Presentation on theme: "Beowulf Text and Context. Beowulf ► The Old English language was mostly spoken, but it did have highly developed poetry and prose; the most famous of."— Presentation transcript:
Beowulf Text and Context
Beowulf ► The Old English language was mostly spoken, but it did have highly developed poetry and prose; the most famous of course, being the epic ballad of: BEOWULF ► Beowulf: the earliest known recorded (written around 8th century) epic ballad. Since the poem takes place in Scandinavia, it provides some information about customs and traditions of the people of this time and place: ► lf.Readings/Prologue.html
Background ► Unknown date of composition (roughly 8 th -11 th Century CE) around 700 A.D. ► The story had been in circulation as an oral narrative for many years before it was written. ► The action of the poem takes place around 500 AD ► Poet is reviving the heroic language, style and values and pagan values of ancient Germanic oral poetry Unknown author; possibly one Christian author in Anglo-Saxon England
Only a single manuscript of the poem survived the Anglo-Saxon era. In the 1700’s it was nearly destroyed in a fireOnly a single manuscript of the poem survived the Anglo-Saxon era. In the 1700’s it was nearly destroyed in a fire It was not until 1936 when the Oxford scholar J.R.R Tolkien published a paper on the poem that it became popular.It was not until 1936 when the Oxford scholar J.R.R Tolkien published a paper on the poem that it became popular. ….Background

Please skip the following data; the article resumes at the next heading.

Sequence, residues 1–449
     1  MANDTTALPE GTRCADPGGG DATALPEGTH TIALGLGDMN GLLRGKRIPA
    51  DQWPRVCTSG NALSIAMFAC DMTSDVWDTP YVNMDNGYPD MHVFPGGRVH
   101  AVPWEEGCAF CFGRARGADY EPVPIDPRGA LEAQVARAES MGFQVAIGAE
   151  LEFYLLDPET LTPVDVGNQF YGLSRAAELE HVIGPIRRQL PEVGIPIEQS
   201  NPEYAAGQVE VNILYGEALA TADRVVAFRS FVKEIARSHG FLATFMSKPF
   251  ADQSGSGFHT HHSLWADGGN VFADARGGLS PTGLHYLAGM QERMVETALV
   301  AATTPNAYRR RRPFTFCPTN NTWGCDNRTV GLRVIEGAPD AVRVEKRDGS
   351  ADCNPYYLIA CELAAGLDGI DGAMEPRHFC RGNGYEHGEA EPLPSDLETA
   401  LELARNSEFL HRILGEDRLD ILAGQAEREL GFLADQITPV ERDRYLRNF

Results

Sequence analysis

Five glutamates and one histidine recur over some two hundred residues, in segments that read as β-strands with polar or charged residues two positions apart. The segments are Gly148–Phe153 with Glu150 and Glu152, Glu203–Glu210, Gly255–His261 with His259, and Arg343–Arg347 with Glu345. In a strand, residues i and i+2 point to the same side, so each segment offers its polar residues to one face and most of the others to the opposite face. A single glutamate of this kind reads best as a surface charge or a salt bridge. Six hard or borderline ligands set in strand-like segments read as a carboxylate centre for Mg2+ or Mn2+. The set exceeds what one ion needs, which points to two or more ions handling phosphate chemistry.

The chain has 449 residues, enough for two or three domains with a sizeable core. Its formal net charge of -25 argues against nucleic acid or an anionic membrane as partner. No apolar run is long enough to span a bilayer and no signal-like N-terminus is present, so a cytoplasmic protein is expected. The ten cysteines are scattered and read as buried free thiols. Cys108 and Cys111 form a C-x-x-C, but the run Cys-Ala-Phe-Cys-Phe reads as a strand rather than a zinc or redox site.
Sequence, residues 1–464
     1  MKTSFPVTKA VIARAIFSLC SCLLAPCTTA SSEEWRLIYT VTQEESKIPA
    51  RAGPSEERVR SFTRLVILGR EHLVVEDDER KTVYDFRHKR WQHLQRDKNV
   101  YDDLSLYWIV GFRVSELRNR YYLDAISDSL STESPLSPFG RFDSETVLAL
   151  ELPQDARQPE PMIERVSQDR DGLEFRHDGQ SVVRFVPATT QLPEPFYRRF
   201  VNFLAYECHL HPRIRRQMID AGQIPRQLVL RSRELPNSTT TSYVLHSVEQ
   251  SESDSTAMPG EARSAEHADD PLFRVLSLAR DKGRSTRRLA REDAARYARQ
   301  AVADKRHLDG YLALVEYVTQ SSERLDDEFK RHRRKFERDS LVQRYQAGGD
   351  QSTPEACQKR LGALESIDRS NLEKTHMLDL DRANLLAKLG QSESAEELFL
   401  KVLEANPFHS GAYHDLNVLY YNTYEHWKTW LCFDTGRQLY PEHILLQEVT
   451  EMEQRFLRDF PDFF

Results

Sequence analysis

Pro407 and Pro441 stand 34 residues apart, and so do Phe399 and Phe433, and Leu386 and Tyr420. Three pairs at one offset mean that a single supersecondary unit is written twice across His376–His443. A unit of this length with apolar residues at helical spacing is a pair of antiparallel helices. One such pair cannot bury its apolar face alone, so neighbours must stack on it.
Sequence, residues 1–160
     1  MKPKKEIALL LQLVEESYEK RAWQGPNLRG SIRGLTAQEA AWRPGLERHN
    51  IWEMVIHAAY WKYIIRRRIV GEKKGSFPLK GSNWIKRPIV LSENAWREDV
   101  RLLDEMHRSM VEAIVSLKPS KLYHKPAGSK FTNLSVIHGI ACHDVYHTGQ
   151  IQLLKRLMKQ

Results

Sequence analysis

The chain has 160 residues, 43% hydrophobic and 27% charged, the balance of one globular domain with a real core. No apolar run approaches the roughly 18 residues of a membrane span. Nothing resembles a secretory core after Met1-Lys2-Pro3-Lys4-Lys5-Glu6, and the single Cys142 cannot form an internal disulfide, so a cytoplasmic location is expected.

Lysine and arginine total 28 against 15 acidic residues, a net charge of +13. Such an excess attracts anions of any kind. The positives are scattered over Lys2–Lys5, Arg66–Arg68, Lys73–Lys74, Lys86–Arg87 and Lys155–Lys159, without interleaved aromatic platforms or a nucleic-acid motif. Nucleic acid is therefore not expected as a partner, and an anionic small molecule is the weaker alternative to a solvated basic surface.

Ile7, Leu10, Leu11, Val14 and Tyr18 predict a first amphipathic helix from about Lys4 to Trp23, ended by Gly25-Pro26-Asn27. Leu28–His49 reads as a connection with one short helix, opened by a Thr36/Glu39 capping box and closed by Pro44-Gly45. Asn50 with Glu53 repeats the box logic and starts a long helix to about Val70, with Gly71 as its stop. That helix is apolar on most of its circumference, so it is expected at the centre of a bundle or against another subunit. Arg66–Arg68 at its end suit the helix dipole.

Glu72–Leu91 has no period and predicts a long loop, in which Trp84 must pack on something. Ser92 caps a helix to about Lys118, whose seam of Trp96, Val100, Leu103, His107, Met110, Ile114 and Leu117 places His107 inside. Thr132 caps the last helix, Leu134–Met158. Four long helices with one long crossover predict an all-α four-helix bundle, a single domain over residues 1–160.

…Background ► Was bound together with 4 other works in Old English. The Passion of St. Christopher The Wonders of the East Alexander’s Letter to Aristotle Judith (a poem) ► All have the presence of monsters, so this suggests that was the common thread. Today, the manuscript is in the British Library in London
Beowulf’s Name ► Beowulf’s father– Edgetho In most cases, the son is named after the father ► Don ► Donald (son of Don) ► McDonald (son of son of Don) ► McDonaldson (son of son of son of Don) ► Proves Beowulf is own individual with own powers and abilities (and more important than his father) ► Beo– Bear Bears are known as Great Protectors in Norse mythology Strong ► Wulf– Wolf Wolves are also great protectors, but are also cunning and speedy